Council Member Pete Zimmerman noted that the property taxes make up the levy, so if the city were to refund commercial properties, the budget would still have to be cut somewhere.

“Yes, but commercial properties can’t take the double-digit increase,” Kleve said.

It would be difficult to figure out the amount of 10 percent, and it could end up being a significant amount, Hinnenkamp said.

She added that a refund would only be a short-term solution, and if the shift remains next year, property taxes would not be going down.

Howard Lake resident Rod Werner’s taxes increased by 20 percent, up $630 from last year, he said.

Werner owns non-homestead residential property, Hinnenkamp noted, which is why he saw the increase.

Homestead properties valued up to $440,000 were granted an exclusion of a portion of their property taxes, leaving a $30,000 to $40,000 gap between their taxable and non-taxable property, Hinnenkamp explained.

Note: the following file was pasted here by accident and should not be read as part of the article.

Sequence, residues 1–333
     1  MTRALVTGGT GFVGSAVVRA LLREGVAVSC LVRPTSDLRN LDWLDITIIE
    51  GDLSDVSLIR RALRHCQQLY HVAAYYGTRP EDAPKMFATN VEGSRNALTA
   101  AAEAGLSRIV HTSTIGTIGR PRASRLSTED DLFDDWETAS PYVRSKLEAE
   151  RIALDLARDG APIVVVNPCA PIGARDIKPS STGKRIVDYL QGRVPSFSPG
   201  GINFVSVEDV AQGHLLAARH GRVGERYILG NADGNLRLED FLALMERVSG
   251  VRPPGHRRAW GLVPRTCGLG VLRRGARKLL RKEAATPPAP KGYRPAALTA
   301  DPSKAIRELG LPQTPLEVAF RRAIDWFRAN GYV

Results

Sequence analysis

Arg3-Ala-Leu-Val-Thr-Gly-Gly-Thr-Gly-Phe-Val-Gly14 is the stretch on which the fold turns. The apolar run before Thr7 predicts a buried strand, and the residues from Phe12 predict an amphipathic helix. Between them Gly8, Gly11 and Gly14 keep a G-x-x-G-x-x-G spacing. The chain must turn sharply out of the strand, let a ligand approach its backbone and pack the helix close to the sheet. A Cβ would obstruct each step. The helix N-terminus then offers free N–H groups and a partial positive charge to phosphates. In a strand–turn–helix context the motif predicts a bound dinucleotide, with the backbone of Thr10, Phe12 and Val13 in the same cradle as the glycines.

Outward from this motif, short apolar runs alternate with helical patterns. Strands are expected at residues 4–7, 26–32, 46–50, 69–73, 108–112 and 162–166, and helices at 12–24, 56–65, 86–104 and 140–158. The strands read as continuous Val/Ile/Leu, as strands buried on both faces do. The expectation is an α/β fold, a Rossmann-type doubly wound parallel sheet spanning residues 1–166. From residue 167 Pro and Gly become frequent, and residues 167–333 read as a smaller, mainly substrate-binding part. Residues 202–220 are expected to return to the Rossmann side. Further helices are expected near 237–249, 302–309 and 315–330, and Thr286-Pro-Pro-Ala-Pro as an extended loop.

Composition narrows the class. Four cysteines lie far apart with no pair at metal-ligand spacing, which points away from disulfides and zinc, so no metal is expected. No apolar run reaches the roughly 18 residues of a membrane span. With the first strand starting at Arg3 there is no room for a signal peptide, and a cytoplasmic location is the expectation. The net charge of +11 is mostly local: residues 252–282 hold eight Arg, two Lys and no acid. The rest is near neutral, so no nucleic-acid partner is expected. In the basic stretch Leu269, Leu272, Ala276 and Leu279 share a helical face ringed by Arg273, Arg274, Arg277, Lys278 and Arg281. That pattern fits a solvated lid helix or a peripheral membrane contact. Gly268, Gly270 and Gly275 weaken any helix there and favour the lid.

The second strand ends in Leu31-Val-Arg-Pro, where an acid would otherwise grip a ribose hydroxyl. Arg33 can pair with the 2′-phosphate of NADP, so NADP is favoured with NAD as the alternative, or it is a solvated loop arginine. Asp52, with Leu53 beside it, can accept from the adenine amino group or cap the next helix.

If the levy were a pie, each of the taxpayers in Howard Lake would be a little sliver of the pie, Hinnenkamp explained.

The piece of the pie for those who do not qualify for the homestead exclusion got a little bigger this year, but it did not increase the total amount levied, Hinnenkamp said.

“Your portion may be bigger, but (the city) still gets the same amount,” Zimmerman added.

Daryl Stenberg, who owns property in Howard Lake, asked the council if it had considered 10 percent cuts across the budget.

It was noted that the 2012 budget is 6 percent lower than the 2011 budget.

The council did not consider cuts across the entire budget, because that is not the process it uses to figure out its budget, Zimmerman said.

“I feel the budget is conservative, there is no fluff in our budget,” Zimmerman said, noting that the budget is a working document that is always changing.

Stenberg pointed out the administrative portion of the budget, which is approximately $250,000, wondering if any cuts were considered in that area.